Fig 10

I disassembled the car. It was held together my rivets – easy enough to cut through. I left the metal parts in a tub of Brake Fluid for a day or so to remove all of the paint . A little scrubbing with a toothbrush and I had bare metal to work with.

This part (Fig 10) was plastic – while the brake fluid won’t harm the metal parts … caution should be taken with plastic parts as some will soften/melt. I didn’t chance it and left the paint on..

Since this was an English car the steering wheel was on the right.

Fig 11

I used a razor-saw to slice off the bits on either side of the center console and flip them so the steering wheel would be on the left. (Fig 11)

I hadn’t added it yet when I took the photo but a piece of styrene on the left filled in the gap. Once the styrene cement had dried I added epoxy on the side that doesn’t show. The dash/window frame will be glued into the cowl.

Looking at this photo now .. I am thinking that this would be a place where a jewelers saw would have been a better choice.

Disassembled & Primed

Fig 12

(Fig 12) I glued the body to the chassis. Once the dash/window frame was nicely secured to the cowl then the assembly would be glued to the chassis and against the body.

I also removed the center bar on the window frame as it was WAY too thick (I could have replaced it but decided to just have a large window). The side posts were also too thick .. just how much work it would take to thin them .. donno. I suppose I should say .. how much I thined them depended on how much work it would be.

Note: Now with my 3D printer I would print me a new frame.

I also shot all the metal parts with some gray primer.

Dry Fitting

Fig 13

I dry-fit the parts (Fig 13). You can see that I have removed the center bar on the window frame.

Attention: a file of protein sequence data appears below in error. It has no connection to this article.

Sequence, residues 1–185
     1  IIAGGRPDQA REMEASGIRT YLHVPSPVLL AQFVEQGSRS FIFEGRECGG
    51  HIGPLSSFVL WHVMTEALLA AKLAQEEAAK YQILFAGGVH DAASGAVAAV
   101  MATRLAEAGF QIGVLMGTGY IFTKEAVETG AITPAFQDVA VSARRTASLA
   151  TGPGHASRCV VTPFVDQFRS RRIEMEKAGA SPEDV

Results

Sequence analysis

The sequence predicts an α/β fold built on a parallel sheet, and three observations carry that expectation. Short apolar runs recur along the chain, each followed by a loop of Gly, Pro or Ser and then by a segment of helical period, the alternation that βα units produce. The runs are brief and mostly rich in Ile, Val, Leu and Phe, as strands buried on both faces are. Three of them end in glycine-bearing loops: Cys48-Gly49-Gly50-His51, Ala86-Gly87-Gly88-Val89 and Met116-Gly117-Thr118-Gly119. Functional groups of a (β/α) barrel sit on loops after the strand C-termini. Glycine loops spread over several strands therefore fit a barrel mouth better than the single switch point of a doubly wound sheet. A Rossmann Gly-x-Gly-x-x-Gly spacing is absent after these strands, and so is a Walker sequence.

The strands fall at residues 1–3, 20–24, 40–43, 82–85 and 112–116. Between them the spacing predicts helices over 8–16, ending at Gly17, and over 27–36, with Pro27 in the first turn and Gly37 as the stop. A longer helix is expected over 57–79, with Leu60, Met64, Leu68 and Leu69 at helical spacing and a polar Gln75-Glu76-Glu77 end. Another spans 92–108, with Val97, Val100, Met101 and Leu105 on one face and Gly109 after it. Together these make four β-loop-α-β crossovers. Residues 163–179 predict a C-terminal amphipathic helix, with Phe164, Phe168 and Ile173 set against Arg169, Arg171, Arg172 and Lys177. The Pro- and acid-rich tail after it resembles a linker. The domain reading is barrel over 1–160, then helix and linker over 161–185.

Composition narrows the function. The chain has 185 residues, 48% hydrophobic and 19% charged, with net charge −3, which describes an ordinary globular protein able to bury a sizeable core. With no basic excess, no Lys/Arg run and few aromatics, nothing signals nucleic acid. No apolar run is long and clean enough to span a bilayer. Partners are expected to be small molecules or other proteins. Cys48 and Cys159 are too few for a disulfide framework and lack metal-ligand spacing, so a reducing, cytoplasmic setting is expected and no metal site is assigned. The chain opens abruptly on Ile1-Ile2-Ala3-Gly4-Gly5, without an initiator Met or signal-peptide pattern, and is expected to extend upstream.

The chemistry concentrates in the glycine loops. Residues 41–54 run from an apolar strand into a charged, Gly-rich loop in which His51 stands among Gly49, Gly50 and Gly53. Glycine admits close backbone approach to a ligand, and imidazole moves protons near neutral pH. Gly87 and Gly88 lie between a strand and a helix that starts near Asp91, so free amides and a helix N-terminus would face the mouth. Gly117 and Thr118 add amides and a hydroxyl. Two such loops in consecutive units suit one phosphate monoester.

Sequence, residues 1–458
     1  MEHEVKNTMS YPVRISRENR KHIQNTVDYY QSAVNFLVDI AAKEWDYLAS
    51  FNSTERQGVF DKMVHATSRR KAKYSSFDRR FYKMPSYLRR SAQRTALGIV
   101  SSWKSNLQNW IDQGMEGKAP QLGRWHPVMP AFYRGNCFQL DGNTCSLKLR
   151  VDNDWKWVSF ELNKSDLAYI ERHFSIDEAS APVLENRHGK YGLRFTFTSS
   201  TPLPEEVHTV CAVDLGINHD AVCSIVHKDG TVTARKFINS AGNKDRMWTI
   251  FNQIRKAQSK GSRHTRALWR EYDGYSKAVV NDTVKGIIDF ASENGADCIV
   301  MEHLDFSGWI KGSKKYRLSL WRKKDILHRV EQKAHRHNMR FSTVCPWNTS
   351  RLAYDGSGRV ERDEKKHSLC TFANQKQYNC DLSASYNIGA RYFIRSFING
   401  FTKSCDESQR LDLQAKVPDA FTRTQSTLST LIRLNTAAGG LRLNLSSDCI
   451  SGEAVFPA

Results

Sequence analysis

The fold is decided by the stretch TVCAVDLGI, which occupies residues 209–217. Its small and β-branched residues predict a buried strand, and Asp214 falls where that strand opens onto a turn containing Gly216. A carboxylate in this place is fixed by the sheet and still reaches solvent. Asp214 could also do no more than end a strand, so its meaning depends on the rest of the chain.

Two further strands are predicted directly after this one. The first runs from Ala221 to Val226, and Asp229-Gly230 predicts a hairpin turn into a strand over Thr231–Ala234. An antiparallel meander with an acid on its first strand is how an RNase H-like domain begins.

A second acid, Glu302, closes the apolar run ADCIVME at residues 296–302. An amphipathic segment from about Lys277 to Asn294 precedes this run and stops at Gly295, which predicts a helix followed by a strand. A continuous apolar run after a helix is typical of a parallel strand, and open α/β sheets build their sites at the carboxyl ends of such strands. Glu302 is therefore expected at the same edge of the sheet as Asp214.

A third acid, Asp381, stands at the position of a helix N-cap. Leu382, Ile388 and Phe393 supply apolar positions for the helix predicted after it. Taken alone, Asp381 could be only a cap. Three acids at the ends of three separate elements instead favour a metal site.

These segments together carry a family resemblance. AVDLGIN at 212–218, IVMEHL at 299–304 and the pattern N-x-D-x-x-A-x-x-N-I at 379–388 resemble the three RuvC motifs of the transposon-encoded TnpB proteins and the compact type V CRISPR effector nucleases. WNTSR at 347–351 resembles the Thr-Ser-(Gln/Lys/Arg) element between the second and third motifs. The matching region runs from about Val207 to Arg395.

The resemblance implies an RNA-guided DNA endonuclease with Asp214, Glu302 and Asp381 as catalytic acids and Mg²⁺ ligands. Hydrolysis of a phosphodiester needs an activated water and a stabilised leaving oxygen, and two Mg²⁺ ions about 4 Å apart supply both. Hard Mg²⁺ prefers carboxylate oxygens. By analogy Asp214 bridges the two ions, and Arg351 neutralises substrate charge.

Note: Ahh .. that small window in the body is a bit thick .. were I to do this again I would take a Dremel to the backside of that to make it thinner.

Make it green

Fig 14

(Fig 14) Had fun playing with paint here.

The underside was sprayed with a dark brown and then a misted iron oxide color. I used the hair spray technique where hairspray is used as a mask. That was followed by a light green and then a darker green painted from directly above. Finally the roof was painted with the brown/iron oxide color. Prior to spraying that on I protected the wooden roofing portion with a Masking Fluid.

Still Green

Fig 15

(Fig 15) I used a brush and water + Windex to wear away some of the paint so paint underneath would show. Used MIG Brown/Black washes to highlight details. Put the old wheels on for the photo but these would be replaced by wheels more age appropriate for a 1927 Talbot.

Wheels and Tires

Fig 16

These are the appropriate wheels for this vehicle as close as I could come as I explained previously. The wheel and tire combo on the left came with the Talbot. It is obvious that this was NOT from 1927. The next wheel and tire combo to the right is the tire and wheel to the right of that put together for the photo. (Fig 16)

Fig 17

A closer look at the 3D printed tires and wheels (Fig 17). It is still hard to make out details as Shapeway’s Fine Detail Plastic is simply hard to photograph when in the raw state.

Note: My preferred resin for my MSLA printer is Gray. A neutral tone which photographs much better.

Fig 18

Painted (Fig 18). The wheels were painted with Testor’s Model Master Pale Green and the hub with FolkArt acrylic ”Sterling Silver’ and MIG Brown Wash to make the details ‘pop’.

Tires are flat black from a rattle can with Dr O’Brien’s Grundy Gray and White scrubbed over them.

Fig 19

(Fig 19) Just to give an appreciation of the size of these wheels and tires .. here is one sitting on a penny. Dammit! The curse (or saving) of the digital close-up shows where I need to touch up!! 🙂

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